Sale 588 Lot 325

[JACKSON, Andrew (1767-1845)]. Hickory walking stick presented to Francis Preston Blair.
Handle with inset engraved plaque with a globe and text reading: "A. Jackson to F. P. Blair," 36 1/2-in. in length. Provenance: Francis Preston Blair (1791-1876), newspaper editor, advisor to President Jackson and member of the "Kitchen Cabinet" (presentation plaque); by descent to Montgomery Blair Jr.

A FINE HICKORY CANE PRESENTED FROM JACKSON TO A MEMBER OF HIS "KITCHEN CABINET"

Francis Preston Blair was an early member of the Democratic Party and was a strong supporter of Andrew Jackson. He was an influential advisor to Andrew Jackson, and was a member of the "Kitchen Cabinet," a group of unofficial advisors to the President. He was founder and editor of The Globe newspaper from 1830 through 1845, during which time the newspaper championed Democratic causes. After resigning his post as Editor at The Globe, Blair partnered with John C. Rives to start a printing house, receiving orders from Congress, including publishing The Congressional Globe, the precursor of the Congressional Record.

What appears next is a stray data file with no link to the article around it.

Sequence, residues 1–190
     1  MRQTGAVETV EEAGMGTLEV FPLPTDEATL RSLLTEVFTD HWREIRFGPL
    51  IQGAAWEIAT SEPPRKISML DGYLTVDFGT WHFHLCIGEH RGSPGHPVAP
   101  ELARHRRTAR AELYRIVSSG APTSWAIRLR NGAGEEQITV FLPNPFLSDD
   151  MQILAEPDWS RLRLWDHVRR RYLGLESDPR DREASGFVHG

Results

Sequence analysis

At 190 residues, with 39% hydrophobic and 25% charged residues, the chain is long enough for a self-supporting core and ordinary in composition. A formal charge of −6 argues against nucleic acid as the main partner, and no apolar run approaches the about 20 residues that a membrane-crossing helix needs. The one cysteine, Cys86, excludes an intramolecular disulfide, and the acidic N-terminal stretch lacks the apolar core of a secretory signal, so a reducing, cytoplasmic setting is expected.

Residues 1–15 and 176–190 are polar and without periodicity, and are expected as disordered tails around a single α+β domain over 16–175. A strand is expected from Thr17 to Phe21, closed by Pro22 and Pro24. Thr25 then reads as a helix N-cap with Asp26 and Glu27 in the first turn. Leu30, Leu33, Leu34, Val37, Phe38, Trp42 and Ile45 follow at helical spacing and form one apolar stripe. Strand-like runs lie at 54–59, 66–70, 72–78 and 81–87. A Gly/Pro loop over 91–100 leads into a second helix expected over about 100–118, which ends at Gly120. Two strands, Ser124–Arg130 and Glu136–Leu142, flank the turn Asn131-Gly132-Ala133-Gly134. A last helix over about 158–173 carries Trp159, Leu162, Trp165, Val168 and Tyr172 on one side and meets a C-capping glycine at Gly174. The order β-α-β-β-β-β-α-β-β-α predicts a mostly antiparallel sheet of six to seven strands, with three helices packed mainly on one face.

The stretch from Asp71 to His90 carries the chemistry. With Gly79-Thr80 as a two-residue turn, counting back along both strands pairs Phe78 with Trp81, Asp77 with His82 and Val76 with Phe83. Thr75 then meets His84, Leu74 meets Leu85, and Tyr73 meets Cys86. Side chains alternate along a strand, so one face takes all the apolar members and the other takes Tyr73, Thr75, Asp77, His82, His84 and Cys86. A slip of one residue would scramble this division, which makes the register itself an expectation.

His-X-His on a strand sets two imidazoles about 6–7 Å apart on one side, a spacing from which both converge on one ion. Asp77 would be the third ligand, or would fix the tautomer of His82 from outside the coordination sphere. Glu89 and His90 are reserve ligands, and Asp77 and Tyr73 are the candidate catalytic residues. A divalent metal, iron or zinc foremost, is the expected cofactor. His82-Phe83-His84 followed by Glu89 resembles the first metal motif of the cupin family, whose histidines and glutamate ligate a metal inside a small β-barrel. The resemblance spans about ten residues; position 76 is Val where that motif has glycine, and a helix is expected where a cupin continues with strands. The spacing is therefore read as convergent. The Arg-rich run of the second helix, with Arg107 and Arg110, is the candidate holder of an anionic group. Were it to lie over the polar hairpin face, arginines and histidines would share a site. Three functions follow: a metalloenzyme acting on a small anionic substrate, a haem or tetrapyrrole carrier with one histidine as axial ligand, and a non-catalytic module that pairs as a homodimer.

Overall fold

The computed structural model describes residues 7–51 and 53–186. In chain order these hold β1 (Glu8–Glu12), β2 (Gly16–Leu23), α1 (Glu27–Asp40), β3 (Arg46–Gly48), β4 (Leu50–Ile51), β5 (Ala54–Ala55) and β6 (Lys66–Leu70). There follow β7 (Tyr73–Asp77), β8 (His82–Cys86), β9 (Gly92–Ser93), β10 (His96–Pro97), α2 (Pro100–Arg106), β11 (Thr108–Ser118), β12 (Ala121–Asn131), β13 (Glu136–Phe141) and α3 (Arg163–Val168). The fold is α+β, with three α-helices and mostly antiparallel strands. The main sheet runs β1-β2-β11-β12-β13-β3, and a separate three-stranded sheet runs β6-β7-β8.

Following the Kansas-Nebraska Act of 1854, Blair left the Democratic Party to help establish the Republican Party. He served as an advisor to President Lincoln, and his son, Montgomery, served in Lincoln's cabinet (see lots 326 and 327). Blair resided at Blair House in Washington D. C., which was built in 1824; he left the home to his son Montgomery. It now belongs to the United States government, and was the first building to receive a federally-recognized landmark designation in 1939, and is known today as the "President's Guest House." [With:] 2 copies of The Globe newspaper, comprising: Vol. III, No. 202. Monday, June 2, 1834. - Vol. X, No. 70, September 3, 1840.


Estimate $2,000-3,000

Property from the Estate of Montgomery Blair Jr., Washington, DC







<< Previous       Return to Catalogue       Next >>
 

Any condition statement is given as a courtesy to a client, is only an opinion and should not be treated as a statement of fact. Leslie Hindman Auctioneers shall have no responsibility for any error or omission. The absence of a condition statement does not imply that the lot is in perfect condition or completely free from wear and tear, imperfections or the effects of aging.

back to top